Maia is the fourth son of the Emperor of the Elflands, and as a half-goblin conceived of a political marriage his father never wanted to make, he is reviled and exiled from the heart of elven society. It comes as a shock to none more than him when his father and half-brothers are killed in an airship accident, and he is suddenly propelled onto the throne. Maia is kind, shy, the victim of abuse at the hands of his guardian after his mother’s death, and utterly uneducated in politics or courtly manners. Choosing the right allies, forging a new path for his kingdom, and keeping his head around those who would happily remove it from his shoulders are skills he has only days to master.
The Goblin Emperor is not at all a plot-driven novel. It starts with a pivotal event in Maia’s life, but from there it proceeds at a leisurely pace through a tangled skein of courtly relationships to arrive at a denouement less concerned with wrapping up the story in a neat bow than with highlighting the change in Maia himself. For a novel based entirely in the ruling court of the land, the seat of politics, it’s strangely apolitical as well — almost everyone is exactly who you’ll peg them to be when they’re first introduced, and there aren’t any surprises or schemes that can’t be seen coming a mile off. What it is is a character study centered on a rich subject. Maia is a deeply endearing person to get to know, a genuinely good heart who exudes compassion without straying into the saccharine, and whose fears, flaws, and wounds are laid bare. He’s a remedy to the notion that ‘good’ must equal ‘bland’.
I really like the fact that in so many ways, for much of the novel, he’s clueless, and scrambling to cover it with mixed results. He doesn’t know how to be appropriate with his household staff, to be their emperor when he’d rather be their friend, or just not be around them at all. He doesn’t know how to make small talk with lords and ladies. He doesn’t have the first clue about women. And being intelligent doesn’t compensate for lack of education about how the realm is run, and the parts he’ll need to take in running it. His advisors’ conversations often go over his head while he struggles to come up with ways to patch the holes in his knowledge without betraying more vulnerabilities to those waiting to use them against him. Fantasy has a lot of stories about boys who never expected to be kings or emperors unexpectedly landing on the seat of power, and it beggars belief a little when, all too often, Farmboy Joe suddenly revolutionises the running of the kingdom out of the power of goodness of heart, as though political acumen and the vast and complex array of knowledge imparted to royal heirs over decades of preparing to take the throne can be picked up by osmosis faster than most of us could learn to say ‘Can you pass the salt?’ in the local lingo. It’s far more interesting to watch the fish out of water learn to fly.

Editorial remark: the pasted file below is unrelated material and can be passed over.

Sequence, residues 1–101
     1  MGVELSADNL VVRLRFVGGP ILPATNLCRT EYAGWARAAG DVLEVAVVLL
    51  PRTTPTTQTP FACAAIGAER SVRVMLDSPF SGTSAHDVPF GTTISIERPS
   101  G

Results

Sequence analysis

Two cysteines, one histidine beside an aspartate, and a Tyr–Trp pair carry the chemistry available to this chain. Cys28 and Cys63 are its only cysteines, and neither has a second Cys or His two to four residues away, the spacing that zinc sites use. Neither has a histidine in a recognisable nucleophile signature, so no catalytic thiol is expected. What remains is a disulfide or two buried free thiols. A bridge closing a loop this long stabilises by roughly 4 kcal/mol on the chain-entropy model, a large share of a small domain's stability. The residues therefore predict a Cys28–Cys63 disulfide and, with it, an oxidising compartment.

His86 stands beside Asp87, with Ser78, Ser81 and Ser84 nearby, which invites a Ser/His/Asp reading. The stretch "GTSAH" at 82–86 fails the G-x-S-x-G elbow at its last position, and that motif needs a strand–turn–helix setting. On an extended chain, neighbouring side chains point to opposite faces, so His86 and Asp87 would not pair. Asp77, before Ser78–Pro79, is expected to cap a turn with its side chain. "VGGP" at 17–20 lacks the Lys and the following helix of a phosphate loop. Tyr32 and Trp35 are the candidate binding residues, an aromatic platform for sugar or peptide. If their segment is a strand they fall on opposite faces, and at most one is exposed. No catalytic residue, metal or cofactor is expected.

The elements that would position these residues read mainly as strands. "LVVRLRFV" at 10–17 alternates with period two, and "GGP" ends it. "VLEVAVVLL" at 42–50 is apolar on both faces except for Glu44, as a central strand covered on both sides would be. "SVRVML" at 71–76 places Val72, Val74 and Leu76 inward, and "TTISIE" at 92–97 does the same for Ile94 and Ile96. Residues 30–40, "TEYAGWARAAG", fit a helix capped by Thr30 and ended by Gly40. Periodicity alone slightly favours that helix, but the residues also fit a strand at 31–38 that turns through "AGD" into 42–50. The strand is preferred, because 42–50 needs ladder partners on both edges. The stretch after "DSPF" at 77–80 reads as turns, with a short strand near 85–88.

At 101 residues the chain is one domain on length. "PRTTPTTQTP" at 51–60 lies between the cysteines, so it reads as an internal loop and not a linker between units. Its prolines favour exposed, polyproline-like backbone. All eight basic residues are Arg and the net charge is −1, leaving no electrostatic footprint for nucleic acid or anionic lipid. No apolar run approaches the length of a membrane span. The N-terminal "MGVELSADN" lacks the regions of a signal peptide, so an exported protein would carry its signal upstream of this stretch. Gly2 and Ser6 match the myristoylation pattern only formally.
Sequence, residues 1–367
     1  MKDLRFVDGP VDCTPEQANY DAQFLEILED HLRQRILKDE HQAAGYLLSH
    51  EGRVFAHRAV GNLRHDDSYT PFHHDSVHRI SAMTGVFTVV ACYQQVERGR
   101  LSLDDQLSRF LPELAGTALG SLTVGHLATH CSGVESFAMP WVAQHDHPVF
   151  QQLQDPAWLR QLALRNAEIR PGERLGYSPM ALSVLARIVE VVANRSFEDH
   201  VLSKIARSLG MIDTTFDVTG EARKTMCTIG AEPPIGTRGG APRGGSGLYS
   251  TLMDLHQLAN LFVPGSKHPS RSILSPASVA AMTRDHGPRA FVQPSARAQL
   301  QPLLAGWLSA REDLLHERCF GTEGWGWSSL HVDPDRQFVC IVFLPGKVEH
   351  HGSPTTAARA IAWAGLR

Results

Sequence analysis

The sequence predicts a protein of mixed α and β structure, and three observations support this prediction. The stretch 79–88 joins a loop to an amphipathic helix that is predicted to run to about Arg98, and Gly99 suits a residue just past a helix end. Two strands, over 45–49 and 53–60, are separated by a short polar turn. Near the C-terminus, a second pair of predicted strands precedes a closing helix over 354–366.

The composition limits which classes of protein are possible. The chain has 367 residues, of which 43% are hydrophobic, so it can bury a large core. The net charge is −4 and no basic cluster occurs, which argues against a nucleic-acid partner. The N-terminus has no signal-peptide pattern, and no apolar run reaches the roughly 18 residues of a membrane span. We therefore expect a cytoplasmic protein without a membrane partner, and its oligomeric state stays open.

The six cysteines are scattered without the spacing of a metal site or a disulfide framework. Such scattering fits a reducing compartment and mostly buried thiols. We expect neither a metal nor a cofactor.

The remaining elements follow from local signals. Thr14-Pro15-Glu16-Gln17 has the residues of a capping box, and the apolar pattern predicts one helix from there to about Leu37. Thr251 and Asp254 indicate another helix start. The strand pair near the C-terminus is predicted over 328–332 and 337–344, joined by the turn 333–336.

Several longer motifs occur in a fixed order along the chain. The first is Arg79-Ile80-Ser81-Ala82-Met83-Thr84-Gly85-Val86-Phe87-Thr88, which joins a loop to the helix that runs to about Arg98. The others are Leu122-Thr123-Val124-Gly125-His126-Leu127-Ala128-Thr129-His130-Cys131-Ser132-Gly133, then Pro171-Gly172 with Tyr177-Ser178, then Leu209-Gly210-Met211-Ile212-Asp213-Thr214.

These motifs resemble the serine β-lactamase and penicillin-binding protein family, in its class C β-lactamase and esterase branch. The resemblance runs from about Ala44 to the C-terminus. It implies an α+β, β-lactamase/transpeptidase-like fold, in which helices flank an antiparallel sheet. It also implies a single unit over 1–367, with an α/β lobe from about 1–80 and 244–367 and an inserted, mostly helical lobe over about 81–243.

I appreciate the use of fantasy for creating analogies that subtly tackle real-world social issues, which is attempted on a couple of levels here, but with mixed success. The pale-skinned elves and their supposed contempt for dark-skinned goblins, and Maia’s mixed ancestry, making for a comparison to racial prejudices isn’t exactly a score on the subtlety front, but it could’ve worked well enough had it not been kind of half-heartedly abandoned; we’re supposed to believe that Maia’s goblin ancestry is kind of a big deal, but it’s really only painted as such in the opening pages, being largely set aside by the middle of the book. I think the author did a better job with the role of women in elven society, which has mostly a typical pseudo-medieval outlook on women’s places as baby-makers and tradeable commodities to secure politically convenient marriages, but shows a number of women choosing different paths to try to move beyond that. One of the most heart-warming moments in the book is Maia’s choice to help his half-sister with the freedom to pursue scientific education instead of marriage; she is an astronomer, and he gives her the stars, because as he put it, ‘We were not considered worth educating, either.’ Aww. The women are not all that fully characterised on the whole, though.
Addison’s use of language threw me to begin with, but turned out to be proficient and contributed greatly to the feel of the novel. ‘Thee/thou’ is used in informal speech; the majestic plural ‘we’ is used to refer to oneself in all formal speech; dropping it and referring to oneself as ‘I’ is an almost intimate act. It immediately established a very structured elven society, and Maia’s growth is reflected in his transition from awkwardly botching it to very deliberately using it to erode some of the traditions of his society while upholding others.
Even though the novel doesn’t really wrap all that much up story-wise, I’m comfortable with where it leaves Maia as a person, and don’t really feel the need to revisit him, but if Katherine Addison were to write another set in the same world I’d be keen to pick it up — I would like to see more of the goblins’ own society, which we glimpse in brief when Maia gets to meet some of his mother’s side of the family. In the meantime, I look forward to checking out her work under her other name of Sarah Monette.